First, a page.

The purpose of this essay is to develop your ability to rigorously analyse and synthesise information in a professional way.
1) Read all the articles in the reference list below. Take care to note the key features of each study including:
a) The issues affecting driving performance the papers investigated: e.g., distraction and inattention to sensory inputs, situation awareness, visual information processing, driving demands (e.g., complexity, visual clutter)
b) Whether the experiment was conducted in the field or in a simulator, and the constraints placed on the experiment due to the nature of the specific experimental conditions
c) The number of participants and their characteristics such as sex, age, and driving experience
d) The procedures followed in the experiment
e) The measures used to assess performance
f) The findings and conclusions made by the authors
2) Write an essay (approximately 2500 words) in which you address the topic by comparing and contrasting these studies and their findings.
The most important part of the report is the use and interpretation of scientific literature. You will lose marks if you do not follow the American Psychological Association (APA).
Amado, S., & UlupÄ±nar, P (2005). The effects of conversation on attention and peripheral detection: Is talking with a passenger and talking on the cell phone different? Transportation Research Part F: Traffic Psychology and Behaviour, 8(6), 383-395.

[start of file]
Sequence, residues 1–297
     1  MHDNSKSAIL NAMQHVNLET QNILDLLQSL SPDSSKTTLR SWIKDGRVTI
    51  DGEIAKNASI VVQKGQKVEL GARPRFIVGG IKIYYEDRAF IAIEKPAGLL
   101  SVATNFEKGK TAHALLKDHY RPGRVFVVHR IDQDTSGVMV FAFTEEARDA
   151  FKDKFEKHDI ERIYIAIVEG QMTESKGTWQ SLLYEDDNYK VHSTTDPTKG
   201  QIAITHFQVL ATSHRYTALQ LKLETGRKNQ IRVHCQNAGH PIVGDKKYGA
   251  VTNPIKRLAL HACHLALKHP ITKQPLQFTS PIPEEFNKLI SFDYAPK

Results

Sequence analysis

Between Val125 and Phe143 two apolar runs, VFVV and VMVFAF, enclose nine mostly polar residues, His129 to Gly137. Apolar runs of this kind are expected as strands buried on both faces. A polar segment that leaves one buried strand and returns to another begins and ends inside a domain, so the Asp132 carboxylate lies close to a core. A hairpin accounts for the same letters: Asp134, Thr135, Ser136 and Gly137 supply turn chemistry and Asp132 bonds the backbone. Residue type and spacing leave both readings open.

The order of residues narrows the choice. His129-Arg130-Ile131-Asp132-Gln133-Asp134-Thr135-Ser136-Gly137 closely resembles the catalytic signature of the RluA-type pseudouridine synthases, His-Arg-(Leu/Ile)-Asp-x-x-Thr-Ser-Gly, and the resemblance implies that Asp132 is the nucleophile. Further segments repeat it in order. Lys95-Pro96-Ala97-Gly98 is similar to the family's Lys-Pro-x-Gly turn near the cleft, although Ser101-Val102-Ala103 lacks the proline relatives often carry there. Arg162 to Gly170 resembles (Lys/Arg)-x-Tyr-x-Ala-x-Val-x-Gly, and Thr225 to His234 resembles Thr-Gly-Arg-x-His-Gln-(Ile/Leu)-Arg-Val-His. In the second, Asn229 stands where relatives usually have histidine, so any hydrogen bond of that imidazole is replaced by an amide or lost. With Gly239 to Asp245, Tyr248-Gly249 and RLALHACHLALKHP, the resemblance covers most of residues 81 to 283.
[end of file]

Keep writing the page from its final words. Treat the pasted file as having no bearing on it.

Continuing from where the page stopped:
Beede, K.E., & Kass, S.J. (2006). Engrossed in conversation: The impact of cell phones on simulated driving performance. Accident Analysis and Prevention, 38(2), 415-421.
Crundall, D., Bains, M., Chapman, P., & Underwood, G. (2005). Regulating conversation during driving: a problem for mobile telephones? Transportation Research Part F: Traffic Psychology and Behaviour, 8(3), 197-211.
Maciej, J., Nitsch. M., & Vollrath, M. (2011) Conversing while driving: The importance of visual information for conversation modulation. Transportation Research Part F: Traffic Psychology and Behaviour, 14(6), 512-524.
Treffner, P.J., & Barrett, R. (2004). Hands-free mobile phone speech while driving degrades coordination and control. Transportation Research Part F: Traffic Psychology and Behaviour, 7(4-5), 229-245.
Can I get a draft of the essay by monday